The issues surrounding unlicensed practitioners administering injectables, like filler and anti-wrinkle injections such as Botox, aren't exactly new. As such, the government announced it would be cracking down on this underregulated sector to help protect patients back in 2022 by introducing an injectable licensing scheme.
Whether you partake in the injectables trend is an individual choice, but there's no denying the fact that more people are experimenting with tweakments than ever before. This increase has made getting injectables almost the norm. So much so, that 59% of participants in a recent study viewed getting filler in the same light as getting a haircut.
Another study found that this rise in popularity has also led to complications, with two out of three surgeons seeing 'botched' filler jobs that often require surgery to correct them. Love Island's Sharon Gaffka and Faye Winter have both spoken openly about the dangers of fillers after taking it "too far" and experiencing complications, so it's clear that change is definitely needed.
“Whether it’s Botox, dermal fillers or even a chemical peel, we have heard too many stories of people who’ve had bad experiences from getting a cosmetic procedure from someone who is inexperienced or underqualified.
“There’s no doubt that the popularity of cosmetic procedures is increasing, so it’s our role to ensure consistent standards for consumers and a level playing field for businesses and practitioners. We want to make sure we get this right for everyone, which is why we want to hear your opinions and experiences through our new consultation.”
These new plans suggested changes such as clinic inspections and anyone administering everything from Botox to 'boob jabs' (aka, breast lift injections), would need to be fully trained and licensed to ensure a safe and high-quality experience. If you're caught without a licence, it would be a criminal offence. Doesn't sound too outrageous, right?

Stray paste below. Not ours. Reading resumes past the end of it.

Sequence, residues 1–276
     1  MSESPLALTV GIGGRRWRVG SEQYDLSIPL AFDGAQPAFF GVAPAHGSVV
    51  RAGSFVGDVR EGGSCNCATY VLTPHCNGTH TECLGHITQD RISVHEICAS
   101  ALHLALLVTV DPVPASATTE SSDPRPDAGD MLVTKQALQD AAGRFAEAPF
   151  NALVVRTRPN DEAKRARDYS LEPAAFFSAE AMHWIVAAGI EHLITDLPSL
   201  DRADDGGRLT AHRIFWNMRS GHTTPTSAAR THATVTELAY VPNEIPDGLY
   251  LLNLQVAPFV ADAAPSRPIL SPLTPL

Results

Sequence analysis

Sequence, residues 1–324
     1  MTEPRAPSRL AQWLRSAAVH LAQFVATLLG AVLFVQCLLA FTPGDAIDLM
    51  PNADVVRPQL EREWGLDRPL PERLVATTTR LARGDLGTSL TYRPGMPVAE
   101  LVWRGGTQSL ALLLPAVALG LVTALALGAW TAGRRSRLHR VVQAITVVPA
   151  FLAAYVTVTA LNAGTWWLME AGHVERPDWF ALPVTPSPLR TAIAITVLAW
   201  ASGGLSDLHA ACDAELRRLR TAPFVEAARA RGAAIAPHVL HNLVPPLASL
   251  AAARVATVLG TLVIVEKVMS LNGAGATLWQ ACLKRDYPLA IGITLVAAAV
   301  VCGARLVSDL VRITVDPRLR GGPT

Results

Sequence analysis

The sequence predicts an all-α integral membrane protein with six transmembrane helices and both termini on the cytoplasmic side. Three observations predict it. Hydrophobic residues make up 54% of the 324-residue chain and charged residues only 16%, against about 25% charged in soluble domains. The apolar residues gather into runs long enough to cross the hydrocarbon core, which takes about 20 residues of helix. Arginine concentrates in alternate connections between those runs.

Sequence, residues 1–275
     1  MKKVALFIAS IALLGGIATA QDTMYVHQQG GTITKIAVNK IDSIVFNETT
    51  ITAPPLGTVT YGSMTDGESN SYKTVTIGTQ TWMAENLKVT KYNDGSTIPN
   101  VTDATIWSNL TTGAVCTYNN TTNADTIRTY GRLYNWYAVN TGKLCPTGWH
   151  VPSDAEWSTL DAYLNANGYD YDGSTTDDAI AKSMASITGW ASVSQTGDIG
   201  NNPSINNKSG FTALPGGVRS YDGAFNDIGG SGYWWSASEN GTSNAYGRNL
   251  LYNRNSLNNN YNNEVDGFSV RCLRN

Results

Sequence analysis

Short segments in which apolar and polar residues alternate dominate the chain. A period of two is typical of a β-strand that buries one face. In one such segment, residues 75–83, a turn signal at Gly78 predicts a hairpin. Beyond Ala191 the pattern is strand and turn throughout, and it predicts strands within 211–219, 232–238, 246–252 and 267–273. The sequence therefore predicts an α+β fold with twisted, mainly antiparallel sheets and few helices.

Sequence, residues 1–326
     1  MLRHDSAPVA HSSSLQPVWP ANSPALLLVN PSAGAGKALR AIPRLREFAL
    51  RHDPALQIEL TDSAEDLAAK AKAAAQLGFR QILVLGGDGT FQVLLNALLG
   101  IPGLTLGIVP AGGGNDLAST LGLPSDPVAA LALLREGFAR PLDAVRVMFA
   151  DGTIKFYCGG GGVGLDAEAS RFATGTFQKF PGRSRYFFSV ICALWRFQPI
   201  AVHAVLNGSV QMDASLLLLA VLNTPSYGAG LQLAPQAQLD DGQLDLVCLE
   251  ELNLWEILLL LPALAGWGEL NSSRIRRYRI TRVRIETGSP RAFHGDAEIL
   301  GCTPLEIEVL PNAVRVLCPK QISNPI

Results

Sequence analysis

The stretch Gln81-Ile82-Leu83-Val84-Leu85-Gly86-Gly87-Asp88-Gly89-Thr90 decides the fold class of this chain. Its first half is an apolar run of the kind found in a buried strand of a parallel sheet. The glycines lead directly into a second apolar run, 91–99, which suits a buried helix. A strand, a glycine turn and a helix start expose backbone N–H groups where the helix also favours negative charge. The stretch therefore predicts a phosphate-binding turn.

The potential new regulations have been met with praise by industry experts but there's also been some scepticism about whether these new changes are too challenging to enforce.
The best bit? The government is actually letting you have a say, and calling out for the public to share their views on the potential new regulations via this survey. So get voting, people.
“Those seeking treatments deserve to do so with confidence that their practitioner is properly qualified in the service they’re offering, to the appropriate level of government-approved educational standards. The Council has worked closely with the Department of Health and Social Care to get to this point, so we look forward to seeing the outcome of the consultation and helping to shape the regulatory framework as it progresses.”
Considering the non-surgical cosmetic industry has previously been valued at an estimated £3.6 billion in the UK, it's important to the individuals who get these treatments and the sector itself, that this topic is given the attention it deserves.
You Might Also Like